M. J. Korpi-Lagg1,3, A. Korpi-Lagg1,2, N. Olspert1, H.-L. Truong1
1. Department of Computer Science, Aalto University, PO Box 15400, FI-00076 Aalto, Finland
2. Max Planck Institute for Solar System Research, Justus-von-Liebig-Weg 3, D-37077 Göttingen, Germany
3. Nordita, KTH Royal Institute of Technology and Stockholm University, Hannes Alfvéns väg 12, SE-10691 Stockholm, Sweden
Every 11 years the Sun is in a state of minimum magnetic activity. During those quiet phases, the entire solar surface consists of an undisturbed pattern of ~1 Mm2 sized granulation cells with lifetimes in the range of 10 minutes, organized within supergranular, 40 Mm large cells outlined by magnetic fields of kilo-Gauss strength, the so-called network fields. Larger magnetic active regions, which dominate the solar scene during the activity maximum, are absent. But even during solar maximum, more than 90 percent of the solar surface is in the quiet state, apparently indistinguishable from the quiet Sun at solar minimum. In this study we address the question, whether the properties of these quiet regions are really the same throughout the whole activity cycle, or if there are subtle differences. Answering this question sets important constraints on the relative importance of the two dynamo mechanisms believed to operate in the solar convection zone[1,2]: the turbulent small-scale dynamo, responsible for the omnipresent small-scale magnetic fields, and the large-scale dynamo responsible for the solar activity cycle.
The HMI data now cover a time span slightly longer than one activity cycle and provide a unique opportunity to answer this question. We developed a data pipeline which automatically processed the 12-min magnetogram and the 45-sec Dopplergram data. In a first step, the full-disk magnetogram data were tracked for solar rotation and then combined into 8-hr long data cubes. The root-mean-square value of the magnetic field strengths (BRMS) in these cubes was computed on a longitude/latitude grid of 64×64 elements in overlapping patches of 15° in longitude/latitude, containing several supergranular cells including kilo-Gauss network fields at their boundaries. Only the quietest patches of every month, i.e., the ones with the lowest BRMS, located close to disk center, and separated by at least four days were used to populate the plot presented in the left panel of Figure 1.
Figure 1| Left: BRMS computed from the quietest patches including network fields at disk center during Solar Cycle 24. The dots represent the HMI measurements, the solid red lines display the 97% percentile level, the dashed, gray line the mode of a log-normal fit to yearly-binned data moved in a sliding window of 100 days length. Right: Same as left panel, but with BRMS computed for smaller patches excluding the contribution of network fields.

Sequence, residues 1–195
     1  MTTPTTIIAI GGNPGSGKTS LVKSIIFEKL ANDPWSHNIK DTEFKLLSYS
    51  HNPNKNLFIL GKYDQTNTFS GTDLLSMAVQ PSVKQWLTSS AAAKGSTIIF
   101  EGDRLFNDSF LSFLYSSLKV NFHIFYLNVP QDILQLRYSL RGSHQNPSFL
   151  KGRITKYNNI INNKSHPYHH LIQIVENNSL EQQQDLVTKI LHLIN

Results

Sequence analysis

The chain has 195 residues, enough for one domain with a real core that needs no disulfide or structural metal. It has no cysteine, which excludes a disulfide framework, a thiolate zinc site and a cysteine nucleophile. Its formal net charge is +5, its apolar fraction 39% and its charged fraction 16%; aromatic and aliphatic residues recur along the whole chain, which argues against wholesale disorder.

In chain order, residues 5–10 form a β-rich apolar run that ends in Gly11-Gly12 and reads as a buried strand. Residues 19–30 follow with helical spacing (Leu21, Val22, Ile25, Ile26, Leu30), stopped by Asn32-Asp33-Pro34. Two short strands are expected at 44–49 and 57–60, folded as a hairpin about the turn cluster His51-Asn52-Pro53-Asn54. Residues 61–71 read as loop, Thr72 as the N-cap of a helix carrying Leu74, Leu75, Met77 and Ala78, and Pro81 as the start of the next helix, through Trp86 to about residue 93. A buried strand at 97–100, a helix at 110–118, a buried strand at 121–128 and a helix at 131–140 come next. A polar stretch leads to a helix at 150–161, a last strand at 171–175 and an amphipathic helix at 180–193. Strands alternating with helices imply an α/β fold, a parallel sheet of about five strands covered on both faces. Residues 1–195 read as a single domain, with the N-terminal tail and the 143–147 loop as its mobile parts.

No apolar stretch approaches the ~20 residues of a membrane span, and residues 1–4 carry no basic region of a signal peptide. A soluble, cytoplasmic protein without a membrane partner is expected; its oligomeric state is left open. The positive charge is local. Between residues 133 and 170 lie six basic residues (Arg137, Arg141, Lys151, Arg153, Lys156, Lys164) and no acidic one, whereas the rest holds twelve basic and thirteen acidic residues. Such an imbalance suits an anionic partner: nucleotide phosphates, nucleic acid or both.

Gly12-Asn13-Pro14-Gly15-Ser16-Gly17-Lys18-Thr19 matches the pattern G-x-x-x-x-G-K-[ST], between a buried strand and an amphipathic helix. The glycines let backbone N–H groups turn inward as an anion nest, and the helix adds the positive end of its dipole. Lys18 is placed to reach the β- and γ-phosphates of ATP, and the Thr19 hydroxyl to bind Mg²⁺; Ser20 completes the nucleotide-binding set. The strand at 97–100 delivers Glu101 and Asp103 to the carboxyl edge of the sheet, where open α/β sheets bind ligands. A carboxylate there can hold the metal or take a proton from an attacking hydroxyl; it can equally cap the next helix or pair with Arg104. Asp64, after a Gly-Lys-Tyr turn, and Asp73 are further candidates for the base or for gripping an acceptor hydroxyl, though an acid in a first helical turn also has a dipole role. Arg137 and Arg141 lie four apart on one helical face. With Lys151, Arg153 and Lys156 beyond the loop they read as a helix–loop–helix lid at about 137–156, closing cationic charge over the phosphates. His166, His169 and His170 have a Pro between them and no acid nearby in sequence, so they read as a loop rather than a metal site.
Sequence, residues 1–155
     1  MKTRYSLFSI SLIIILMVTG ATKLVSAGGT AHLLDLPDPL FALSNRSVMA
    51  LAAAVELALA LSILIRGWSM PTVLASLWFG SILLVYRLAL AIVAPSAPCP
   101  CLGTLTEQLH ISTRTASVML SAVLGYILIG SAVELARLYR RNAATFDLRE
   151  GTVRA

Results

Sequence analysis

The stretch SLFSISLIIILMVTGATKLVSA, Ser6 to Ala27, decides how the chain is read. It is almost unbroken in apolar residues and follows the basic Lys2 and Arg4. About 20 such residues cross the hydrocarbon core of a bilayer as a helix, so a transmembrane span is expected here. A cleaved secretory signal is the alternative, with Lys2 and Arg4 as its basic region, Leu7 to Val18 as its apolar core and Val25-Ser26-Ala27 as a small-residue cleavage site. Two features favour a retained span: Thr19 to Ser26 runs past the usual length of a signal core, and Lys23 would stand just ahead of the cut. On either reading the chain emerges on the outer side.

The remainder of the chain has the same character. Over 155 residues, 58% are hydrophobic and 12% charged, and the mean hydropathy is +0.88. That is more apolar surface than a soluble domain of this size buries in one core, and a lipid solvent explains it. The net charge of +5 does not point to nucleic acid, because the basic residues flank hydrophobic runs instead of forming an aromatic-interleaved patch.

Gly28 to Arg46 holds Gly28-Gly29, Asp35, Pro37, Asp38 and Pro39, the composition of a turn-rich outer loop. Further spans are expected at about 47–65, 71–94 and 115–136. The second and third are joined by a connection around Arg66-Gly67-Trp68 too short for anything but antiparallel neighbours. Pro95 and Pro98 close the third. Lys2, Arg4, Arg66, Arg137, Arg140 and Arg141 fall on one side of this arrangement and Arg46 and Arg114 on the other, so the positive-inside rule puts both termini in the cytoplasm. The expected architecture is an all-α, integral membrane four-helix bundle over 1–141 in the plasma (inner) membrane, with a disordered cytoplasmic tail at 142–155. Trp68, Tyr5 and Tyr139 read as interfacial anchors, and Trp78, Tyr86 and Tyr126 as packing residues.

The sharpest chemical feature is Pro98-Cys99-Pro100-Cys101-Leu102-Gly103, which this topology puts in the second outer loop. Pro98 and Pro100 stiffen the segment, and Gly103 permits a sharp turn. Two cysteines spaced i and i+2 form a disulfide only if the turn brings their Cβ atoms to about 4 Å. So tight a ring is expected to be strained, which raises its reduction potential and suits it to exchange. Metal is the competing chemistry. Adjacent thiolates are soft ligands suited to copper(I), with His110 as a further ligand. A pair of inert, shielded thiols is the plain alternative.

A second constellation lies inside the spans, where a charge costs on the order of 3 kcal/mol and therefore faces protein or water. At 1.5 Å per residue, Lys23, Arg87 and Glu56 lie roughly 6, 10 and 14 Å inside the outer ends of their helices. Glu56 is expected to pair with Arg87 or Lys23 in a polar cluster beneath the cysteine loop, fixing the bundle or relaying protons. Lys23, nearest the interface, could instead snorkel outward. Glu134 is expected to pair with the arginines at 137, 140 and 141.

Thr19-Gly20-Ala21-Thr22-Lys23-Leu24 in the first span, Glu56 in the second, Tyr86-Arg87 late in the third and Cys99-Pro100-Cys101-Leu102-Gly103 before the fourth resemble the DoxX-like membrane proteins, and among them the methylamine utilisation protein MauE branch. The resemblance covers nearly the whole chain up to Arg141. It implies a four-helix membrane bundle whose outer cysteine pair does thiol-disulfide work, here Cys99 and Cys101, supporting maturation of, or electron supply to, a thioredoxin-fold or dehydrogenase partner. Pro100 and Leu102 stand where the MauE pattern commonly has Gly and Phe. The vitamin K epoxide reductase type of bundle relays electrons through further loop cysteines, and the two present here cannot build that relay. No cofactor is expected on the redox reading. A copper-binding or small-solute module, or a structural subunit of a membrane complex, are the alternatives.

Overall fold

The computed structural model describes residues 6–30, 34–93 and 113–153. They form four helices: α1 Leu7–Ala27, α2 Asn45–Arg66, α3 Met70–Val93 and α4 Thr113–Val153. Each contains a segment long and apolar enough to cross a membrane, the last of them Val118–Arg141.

The variation of BRMS computed from those patches with the solar activity cycle is evident. The largest BRMS values occur about 6 months after the maximum of solar activity (April 2014). The rise after 2021 indicates the start of the new Cycle 25. We repeated the analysis for patch sizes of only 1° in longitude/latitude, to exclude the influence of the network fields surrounding the supergranular cells. The resulting plot (right panel of Figure 1) shows no sign of solar cycle variation. The large-scale magnetic fields therefore clearly influence the network fields, whereas the small-scale fields in the center of the supergranular cells are likely to be replenished by the small-scale dynamo.
Figure 2| Butterfly diagram of f-mode energy variations, computed from collapsed ring diagrams. The temporal average has been subtracted from the data, and is shown as the black line in the right panel. Its error bars represent the time-averaged standard deviation of the fluctuations of the f-mode energy around the signal for every bin.
The second aspect addressed in the study relates to the solar cycle variation of the surface gravity waves, the so-called f-mode, computed from the line-of-sight velocity maps. According to theory, the f-mode energy is altered by sub-surface magnetic fields. Therefore, a solar-cycle dependence of the f-mode energy should be a good indicator for the changes of the magnetic field topology in the near-surface shear layer.
We computed the f-mode energy for the quiet 15°-sized patches, presented in Figure 1 (left panel), but this time not only for the patches close to disk center, but also for solar latitudes up to ±60°. This results in a butterfly diagram of the f-mode energy, presented in Figure 2. A variation of the energy is clearly visible: as predicted by theory, the f-mode energy is suppressed during the time of the solar maximum. The highest energy is observed during the minimum in 2010 and 2011, but surprisingly the f-mode energy did not recover to this level at low latitudes during the following minimum around 2020, in contrast to the surface magnetic fields presented in Figure 1 (left panel). This behavior remains enigmatic, and it will be interesting to follow this phenomenon with future HMI measurements.
More details of this study can be found in https://doi.org/10.1051/0004-6361/202243979 .
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